Smart Bandage for a Smart Recovery

Smart Bandages for a Smart Recovery

Doctors usually open the bandage to see if the wound has healed or not. But this could be risky as removing bandage may often disrupt the healing process. In a new technological development, a group of researchers have come up with a smart bandage that contains a sensor that can sensitively measure wound moisture levels and transmit the data to a nearby smartphone, without removing them.

Frontiers in Physics published the study.


The researchers applied a conductive polymer named poly (3,4-ethylenedioxythiophene) polystyrene sulfonate (PEDOT:PSS) onto a gauze using screen printing technique and then incorporated the gauze with commercially available materials. The idea behind the smart bandage is that changes in the moisture level of the wound cause a change in an electrical signal measured by the sensor.

Dr Marta Tessarolo (University of Bologna), an author on the study noted that PEDOT:PSS is an organic semiconducting polymer that can be easily deposited on several substrates as a standard ink. “We also incorporated a cheap, disposable and bandage-compatible RFID tag, similar to those used for clothing  security tags, into the textile patch. The tag can wirelessly communicate moisture level data with a smartphone, allowing healthcare staff to know when a bandage needs to be changed,” the researcher said.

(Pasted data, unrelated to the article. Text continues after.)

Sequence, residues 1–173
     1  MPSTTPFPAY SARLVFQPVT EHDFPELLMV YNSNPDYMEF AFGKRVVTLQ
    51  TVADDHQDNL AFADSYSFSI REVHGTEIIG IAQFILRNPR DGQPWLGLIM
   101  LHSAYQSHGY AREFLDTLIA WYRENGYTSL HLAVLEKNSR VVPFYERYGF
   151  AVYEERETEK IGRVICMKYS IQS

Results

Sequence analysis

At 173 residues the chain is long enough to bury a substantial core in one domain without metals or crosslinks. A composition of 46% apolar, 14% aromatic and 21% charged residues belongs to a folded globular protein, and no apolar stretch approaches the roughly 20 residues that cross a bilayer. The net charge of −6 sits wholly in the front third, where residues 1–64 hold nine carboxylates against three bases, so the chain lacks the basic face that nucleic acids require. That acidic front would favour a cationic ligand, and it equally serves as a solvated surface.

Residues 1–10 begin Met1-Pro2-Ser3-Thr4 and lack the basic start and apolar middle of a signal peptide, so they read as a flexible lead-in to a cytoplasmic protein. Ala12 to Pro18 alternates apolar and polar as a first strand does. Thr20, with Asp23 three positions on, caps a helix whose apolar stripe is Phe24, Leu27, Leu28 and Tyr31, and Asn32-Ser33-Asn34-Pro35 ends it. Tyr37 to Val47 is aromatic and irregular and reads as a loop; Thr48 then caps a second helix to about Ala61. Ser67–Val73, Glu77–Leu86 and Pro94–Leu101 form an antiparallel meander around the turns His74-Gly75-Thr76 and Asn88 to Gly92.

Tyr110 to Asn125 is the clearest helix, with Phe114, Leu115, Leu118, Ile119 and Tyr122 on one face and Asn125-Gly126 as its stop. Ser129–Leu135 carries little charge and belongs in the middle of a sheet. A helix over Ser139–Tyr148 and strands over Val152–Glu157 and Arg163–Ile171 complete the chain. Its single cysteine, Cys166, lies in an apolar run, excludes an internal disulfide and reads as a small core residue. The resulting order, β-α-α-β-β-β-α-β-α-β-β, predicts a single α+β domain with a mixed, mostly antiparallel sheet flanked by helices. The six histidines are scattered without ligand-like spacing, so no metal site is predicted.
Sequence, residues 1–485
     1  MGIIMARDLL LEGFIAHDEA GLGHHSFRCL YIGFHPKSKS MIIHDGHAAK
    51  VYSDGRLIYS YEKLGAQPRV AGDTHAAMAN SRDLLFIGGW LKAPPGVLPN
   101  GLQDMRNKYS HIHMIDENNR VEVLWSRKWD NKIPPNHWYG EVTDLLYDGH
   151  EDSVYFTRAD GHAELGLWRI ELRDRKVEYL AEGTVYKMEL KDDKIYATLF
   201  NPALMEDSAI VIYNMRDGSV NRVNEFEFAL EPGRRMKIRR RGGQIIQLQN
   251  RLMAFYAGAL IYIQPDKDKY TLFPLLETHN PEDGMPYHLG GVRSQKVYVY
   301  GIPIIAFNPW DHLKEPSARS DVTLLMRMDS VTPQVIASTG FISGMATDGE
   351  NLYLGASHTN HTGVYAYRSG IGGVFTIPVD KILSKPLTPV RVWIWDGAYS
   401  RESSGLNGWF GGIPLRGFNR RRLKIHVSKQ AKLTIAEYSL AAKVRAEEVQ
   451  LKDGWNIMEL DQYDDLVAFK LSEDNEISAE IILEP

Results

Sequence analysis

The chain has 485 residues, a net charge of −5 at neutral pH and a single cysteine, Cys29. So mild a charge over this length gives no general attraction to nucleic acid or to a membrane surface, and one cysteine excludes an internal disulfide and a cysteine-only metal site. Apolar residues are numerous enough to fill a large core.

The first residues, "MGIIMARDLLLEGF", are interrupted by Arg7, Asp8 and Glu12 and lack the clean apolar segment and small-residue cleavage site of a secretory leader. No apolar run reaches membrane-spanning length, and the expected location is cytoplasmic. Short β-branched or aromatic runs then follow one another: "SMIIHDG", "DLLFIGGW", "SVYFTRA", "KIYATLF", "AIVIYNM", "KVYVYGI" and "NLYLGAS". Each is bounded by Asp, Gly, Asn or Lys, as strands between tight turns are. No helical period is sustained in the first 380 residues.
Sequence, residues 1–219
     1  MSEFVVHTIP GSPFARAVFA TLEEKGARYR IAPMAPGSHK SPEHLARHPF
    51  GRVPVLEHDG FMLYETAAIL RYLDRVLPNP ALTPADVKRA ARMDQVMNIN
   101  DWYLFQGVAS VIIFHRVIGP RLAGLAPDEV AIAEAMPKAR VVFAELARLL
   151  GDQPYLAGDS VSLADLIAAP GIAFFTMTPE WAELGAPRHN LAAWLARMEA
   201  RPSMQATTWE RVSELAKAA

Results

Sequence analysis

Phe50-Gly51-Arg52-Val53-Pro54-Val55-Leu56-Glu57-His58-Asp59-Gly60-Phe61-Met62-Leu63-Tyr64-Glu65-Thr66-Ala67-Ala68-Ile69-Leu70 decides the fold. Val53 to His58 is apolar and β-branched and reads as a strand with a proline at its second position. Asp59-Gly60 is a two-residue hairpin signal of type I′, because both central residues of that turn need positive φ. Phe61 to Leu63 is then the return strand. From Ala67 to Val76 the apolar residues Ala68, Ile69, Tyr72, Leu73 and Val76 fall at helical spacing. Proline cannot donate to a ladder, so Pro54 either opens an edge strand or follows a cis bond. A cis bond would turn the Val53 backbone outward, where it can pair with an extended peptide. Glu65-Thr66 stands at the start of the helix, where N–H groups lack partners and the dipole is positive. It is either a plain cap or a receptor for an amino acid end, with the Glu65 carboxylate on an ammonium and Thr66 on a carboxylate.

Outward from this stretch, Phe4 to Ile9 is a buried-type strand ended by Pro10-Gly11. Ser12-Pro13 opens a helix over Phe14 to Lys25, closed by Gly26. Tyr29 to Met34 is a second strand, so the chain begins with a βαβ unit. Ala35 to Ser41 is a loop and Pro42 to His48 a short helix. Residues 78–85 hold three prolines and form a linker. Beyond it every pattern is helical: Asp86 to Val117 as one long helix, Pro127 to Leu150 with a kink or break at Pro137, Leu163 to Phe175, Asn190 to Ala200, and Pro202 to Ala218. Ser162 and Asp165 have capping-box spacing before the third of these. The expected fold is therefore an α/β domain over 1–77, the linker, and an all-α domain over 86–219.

They tested the bandage by exposing them to artificial wound exudate, which is the liquid that seeps from wounds. They also tested different bandage materials and shapes. They found that the bandage was highly sensitive, providing drastically different readings between dry, moist and saturated conditions, suggesting! it could be a valuable tool in wound management.

Another author Dr Luca Possanzini (University of Bologna) was quoted in the media as saying that they developed a range of bandages with various layers and different absorption properties and characteristics.


Healing chronic wounds is tricky and many factors such as temperature, glucose levels and acidity affect healing. However, one of the most important is moisture levels. Too dry and the tissue can become desiccated; too wet, and it can become white and wrinkly, as it does in the bath. Both these situations disrupt the healing process. Now, if the doctor wants to test check the moisture levels of a wound then he or she need to remove the bandage, potentially damaging the delicate healing tissue.



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